Nikon AF-S Nikkor 70-200mm f/4G ED VR Review

4.5
February 4, 2013 | Mark Goldstein |

Introduction

The Nikkor 70-200mm f/4G ED VR is a new telephoto zoom lens that can be used with both full-frame FX and cropped DX Nikon DSLR cameras. Featuring a constant maximum aperture of f/4, the Nikon 70-200mmm is a relatively affordable, more compact partner for new DSLRs like the D800 and D600. Read our in-depth Nikon AF-S Nikkor 70-200mm f/4G ED VR review to find out if it's worth considering...

The Nikon AF-S Nikkor 70-200mm f/4G ED VR is a new FX-format telephoto zoom lens with versatile 70-200mm focal range and constant f/4 aperture. Weighing in at 850 grams, the Nikon AF-S Nikkor 70-200mm f/4G ED VR features an inner focusing mechanism, with autofocus controlled by a Silent Wave Motor (SWM). The optical formula comprises 20 elements in 14 groups, including three ED (Extra-low Dispersion) elements to minimize chromatic aberration and one HRI (High Refractive Index) element, while Nikon’s Nano Crystal Coat is employed to combat flare and ghosting. The Nikon 70-200mm f/4 is the first NIKKOR lens to be equipped with Nikon’s next-generation Vibration Reduction system that allows for up to 5-stop compensation. The minimum focus distance is 1m from the focal plane at all focal lengths. Also featuring an iris diaphragm with 9 rounded blades for a pleasing bokeh, the AF-S Nikkor 70-200mm f/4G ED VR takes 67mm filters and comes with an HB-60 lens hood and a CL-1225 soft pouch as standard. The Nikon AF-S Nikkor 70-200mm f/4G ED VR lens is available now priced at £1,172.99 / €1,430.00 / $1399.95.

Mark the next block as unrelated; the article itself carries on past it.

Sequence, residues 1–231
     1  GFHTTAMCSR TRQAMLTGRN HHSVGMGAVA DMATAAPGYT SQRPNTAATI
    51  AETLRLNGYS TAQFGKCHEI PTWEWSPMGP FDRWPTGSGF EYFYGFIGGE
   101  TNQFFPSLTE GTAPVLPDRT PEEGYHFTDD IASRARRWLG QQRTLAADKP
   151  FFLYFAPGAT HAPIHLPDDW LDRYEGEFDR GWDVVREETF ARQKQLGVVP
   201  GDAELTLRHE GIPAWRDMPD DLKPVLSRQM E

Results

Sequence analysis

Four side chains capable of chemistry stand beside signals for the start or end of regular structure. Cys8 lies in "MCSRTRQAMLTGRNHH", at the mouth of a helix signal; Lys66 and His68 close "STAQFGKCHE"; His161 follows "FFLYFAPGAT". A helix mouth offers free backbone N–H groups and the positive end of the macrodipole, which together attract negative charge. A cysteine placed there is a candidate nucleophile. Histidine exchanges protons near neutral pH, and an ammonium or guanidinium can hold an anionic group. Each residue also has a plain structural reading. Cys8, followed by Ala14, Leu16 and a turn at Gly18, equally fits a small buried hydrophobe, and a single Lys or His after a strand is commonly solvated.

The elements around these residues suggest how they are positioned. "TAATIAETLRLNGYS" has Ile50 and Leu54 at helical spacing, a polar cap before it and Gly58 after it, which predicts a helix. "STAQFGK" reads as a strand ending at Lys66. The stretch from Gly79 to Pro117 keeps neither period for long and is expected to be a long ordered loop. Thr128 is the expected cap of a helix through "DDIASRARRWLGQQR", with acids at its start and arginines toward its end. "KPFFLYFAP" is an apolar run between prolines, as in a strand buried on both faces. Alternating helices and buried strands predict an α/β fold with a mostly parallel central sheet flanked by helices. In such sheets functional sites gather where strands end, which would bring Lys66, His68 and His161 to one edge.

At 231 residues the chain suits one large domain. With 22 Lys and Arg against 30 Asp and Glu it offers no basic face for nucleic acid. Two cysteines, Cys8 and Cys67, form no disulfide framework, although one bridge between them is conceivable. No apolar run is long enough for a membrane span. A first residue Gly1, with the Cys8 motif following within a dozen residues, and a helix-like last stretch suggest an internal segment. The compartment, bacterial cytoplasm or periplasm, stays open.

Ease of Use

Weighing 850g, the AF-S Nikkor 70-200mm f/4G ED VR is significantly lighter and more compact than Nikon's other pro-level telephoto zoom lenses. We found that it balanced well on the Nikon D4 body and proved to not be too much of a burden when used all day long.